Now Reading
Review: ‘My Policeman’ Reinvents the Love Triangle

Review: ‘My Policeman’ Reinvents the Love Triangle

Written by: April Prince

Based on the novel of the same name by author E.M. Forster, My Policeman is the story of three people who reunite in 1999 decades after their whirlwind time together in 1957. This project has courted a lot of attention, due to the LGBTQ themes in the story and also due to the casting of singer Harry Styles as the titular policeman in this tale. It purports to be a story of love, exploration, and the varied ways love can show itself; let’s see if My Policeman handles its themes with the care and sensitivity they require and gives moviegoers the romance they’ve been promised. 

This tale follows our three leads Marion (Gina McKee), Tom (Linus Roache), and Patrick (Rupert Everett). Marion is a schoolteacher who’s married to a policeman named Tom. In the early days of their courtship, Tom introduces Marion to Patrick as a means of impressing her by taking her to a museum. It’s through this introduction that we begin to see the development of this throuple. 

Patrick accompanies Marion and Tom on their dates and even their out-of-town trips. This, however, is just the story on the surface. Though Marion and Tom seem to have this loving relationship, Tom and Patrick also have their own connection aside from the one Tom has with Marion. Running in parallel, even throughout Tom and Marion’s marriage, is Tom and Patrick’s love story. 

The thing that sprinkles that extra bit of something onto the movie is that we’re seeing two versions of these characters. The ones in 1957 are young and passionately in love; the older versions of the characters in 1999 are weathered by the years and introspective about how they’ve spent their lives and what could have been had circumstances been different. See, while Marion remembers the early years of her relationship and marriage to Tom, she doesn’t know about Tom and Patrick — not until she discovers Patrick’s journal and reads about the love story that blossomed right along with her own. 

In terms of performances, there is some good material here. Patrick is played by both Rupert Everett and David Dawson, Marion is played by Gina McKee and Emma Corrin, and Tom is played by Linus Roache and Harry Styles. Rupert Everett does a great job, of course; that’s to be expected. Gina McKee does a good job as well, and Linus Roache also gives a good performance.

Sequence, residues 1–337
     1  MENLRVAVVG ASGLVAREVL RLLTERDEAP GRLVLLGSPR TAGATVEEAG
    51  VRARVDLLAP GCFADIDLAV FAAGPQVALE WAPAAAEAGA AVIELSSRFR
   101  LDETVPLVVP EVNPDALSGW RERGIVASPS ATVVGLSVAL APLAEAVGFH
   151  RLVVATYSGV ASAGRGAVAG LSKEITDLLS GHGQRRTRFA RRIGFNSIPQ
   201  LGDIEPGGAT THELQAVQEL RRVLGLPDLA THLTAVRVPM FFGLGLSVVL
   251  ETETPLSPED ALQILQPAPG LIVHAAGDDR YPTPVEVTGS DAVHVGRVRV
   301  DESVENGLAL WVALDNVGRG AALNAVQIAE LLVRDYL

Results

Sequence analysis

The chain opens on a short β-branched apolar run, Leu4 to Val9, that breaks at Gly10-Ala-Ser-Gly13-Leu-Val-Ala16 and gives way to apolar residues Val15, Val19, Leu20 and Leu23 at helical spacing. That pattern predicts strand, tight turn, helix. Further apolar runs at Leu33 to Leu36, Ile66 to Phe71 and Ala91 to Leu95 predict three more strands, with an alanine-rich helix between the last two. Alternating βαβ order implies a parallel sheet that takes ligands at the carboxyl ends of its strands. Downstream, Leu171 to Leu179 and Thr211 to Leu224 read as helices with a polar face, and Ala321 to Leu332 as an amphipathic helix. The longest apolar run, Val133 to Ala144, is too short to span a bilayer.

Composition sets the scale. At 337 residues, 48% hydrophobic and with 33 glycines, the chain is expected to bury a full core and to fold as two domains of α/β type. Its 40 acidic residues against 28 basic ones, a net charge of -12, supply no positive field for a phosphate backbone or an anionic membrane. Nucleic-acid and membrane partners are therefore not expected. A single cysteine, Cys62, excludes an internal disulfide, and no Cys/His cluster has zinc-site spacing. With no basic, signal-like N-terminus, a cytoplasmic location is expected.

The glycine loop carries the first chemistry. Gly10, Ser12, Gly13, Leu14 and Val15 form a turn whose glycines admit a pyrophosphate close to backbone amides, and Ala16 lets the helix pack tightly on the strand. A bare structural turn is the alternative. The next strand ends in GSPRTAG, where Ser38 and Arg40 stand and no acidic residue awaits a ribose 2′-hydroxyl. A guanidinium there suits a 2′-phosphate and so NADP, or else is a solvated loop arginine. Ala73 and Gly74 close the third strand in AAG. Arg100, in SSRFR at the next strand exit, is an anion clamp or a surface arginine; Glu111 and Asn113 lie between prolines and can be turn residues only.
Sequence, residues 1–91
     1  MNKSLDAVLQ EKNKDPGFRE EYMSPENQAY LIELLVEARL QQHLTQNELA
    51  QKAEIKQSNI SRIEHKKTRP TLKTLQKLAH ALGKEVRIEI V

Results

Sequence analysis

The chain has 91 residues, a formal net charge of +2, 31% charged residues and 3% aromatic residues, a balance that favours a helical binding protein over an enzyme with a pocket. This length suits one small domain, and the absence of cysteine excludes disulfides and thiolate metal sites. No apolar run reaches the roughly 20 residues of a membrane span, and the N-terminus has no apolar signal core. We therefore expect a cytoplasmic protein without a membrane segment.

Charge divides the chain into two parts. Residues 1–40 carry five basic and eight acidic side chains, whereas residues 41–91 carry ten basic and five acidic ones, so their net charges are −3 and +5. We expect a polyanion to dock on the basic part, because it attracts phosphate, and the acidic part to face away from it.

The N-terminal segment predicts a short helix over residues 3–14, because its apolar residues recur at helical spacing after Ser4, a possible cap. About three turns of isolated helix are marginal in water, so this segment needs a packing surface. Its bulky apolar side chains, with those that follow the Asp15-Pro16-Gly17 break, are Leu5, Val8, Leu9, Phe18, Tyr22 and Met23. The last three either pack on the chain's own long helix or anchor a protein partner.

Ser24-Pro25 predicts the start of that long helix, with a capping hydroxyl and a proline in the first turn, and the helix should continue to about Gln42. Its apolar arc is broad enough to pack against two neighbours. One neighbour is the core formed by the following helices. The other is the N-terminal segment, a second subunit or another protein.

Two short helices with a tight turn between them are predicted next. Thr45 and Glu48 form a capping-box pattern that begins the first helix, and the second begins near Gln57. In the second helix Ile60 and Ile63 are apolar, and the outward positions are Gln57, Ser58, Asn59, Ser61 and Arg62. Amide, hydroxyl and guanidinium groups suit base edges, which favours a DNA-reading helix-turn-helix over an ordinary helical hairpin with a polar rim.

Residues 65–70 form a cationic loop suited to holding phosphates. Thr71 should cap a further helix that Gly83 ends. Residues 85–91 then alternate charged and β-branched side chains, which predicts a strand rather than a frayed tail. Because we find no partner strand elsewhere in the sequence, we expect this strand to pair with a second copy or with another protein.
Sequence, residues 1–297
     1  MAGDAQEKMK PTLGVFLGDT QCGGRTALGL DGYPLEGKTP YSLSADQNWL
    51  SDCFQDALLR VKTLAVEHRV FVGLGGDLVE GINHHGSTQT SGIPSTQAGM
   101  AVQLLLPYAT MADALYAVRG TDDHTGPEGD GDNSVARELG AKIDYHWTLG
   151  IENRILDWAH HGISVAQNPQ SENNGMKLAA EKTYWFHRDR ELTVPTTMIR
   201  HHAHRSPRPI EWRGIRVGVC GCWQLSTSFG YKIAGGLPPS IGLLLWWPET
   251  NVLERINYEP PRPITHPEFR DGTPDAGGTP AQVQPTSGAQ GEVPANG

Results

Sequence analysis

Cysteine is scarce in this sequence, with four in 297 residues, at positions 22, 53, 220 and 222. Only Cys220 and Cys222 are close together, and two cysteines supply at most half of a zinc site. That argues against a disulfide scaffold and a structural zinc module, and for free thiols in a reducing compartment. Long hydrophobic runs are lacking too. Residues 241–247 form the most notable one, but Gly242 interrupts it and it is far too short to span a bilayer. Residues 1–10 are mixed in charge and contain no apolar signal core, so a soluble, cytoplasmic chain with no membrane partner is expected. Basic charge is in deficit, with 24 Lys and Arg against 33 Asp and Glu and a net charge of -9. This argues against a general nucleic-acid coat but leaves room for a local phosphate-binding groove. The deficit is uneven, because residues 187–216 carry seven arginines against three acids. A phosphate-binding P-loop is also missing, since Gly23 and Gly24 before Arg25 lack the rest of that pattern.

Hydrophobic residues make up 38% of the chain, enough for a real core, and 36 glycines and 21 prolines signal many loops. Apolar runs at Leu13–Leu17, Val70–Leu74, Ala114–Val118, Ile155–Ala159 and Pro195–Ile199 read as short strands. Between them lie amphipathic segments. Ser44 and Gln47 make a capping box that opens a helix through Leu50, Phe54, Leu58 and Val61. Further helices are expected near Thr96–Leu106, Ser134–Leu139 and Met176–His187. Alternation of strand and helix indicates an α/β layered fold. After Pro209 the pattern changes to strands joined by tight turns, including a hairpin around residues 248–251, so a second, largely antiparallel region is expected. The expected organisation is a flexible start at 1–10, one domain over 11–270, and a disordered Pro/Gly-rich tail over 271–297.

In terms of the younger actors, Emma Corrin and David Dawson have good handles on their roles and it shows throughout their scenes. What people were really intrigued by when this film was announced is the casting of Harry Styles. This will be Styles’ third outing in a major film role after Dunkirk in 2017 and the recently released, and controversial, Don’t Worry Darling. It’s clear to see the gradual growth of his acting ability, but he’s not quite at Oscar level yet. That’s not to say that he doesn’t hold his own in this film, though. He leans into some odd choices when it comes to line delivery, but it’s nothing that makes for an overall unpleasant viewing experience. It’ll be interesting to see how he further develops his onscreen talents and if perhaps he can bring some of that onstage charm and charisma to his acting roles in the future. 

Another of the major components for viewer intrigue came from the themes of hiding one’s same-sex attraction and the way attitudes of different time periods play into how people of that time navigate sexual and romantic exploration. While 2022 has come a long way in acceptance and freedom of attraction, the 1950s were not as welcoming. This film seeks to tackle that fact and does so by way of the dynamic between our three main leads. 

It’s even hinted at in the title: My Policeman. Both Marion and Patrick have their own versions of Tom that they love, but Tom is essentially splitting himself between two worlds and has to balance these two sides of himself lest he fall victim to the bigotry and violence that many LGBTQ people were in danger of back then (and sometimes still are). 

There’s been criticism that the film doesn’t tackle these themes with the best care and tact that they require, but for what the film is, it doesn’t necessary fumble them either. My Policeman sits in a comfortable spot of acknowledging a difficult time period but also focusing on telling a nuanced and interesting tale of love and secrecy. 

The film was released in theaters to wider audiences on October 21, 2022, and will be hitting streaming on November 4 when it’s released on Prime Video. So, if you’re interested in period pieces with passionate romances and complicated character dynamics, perhaps My Policeman is the movie for you. 

What's Your Reaction?
In Love
Not Sure
Scroll To Top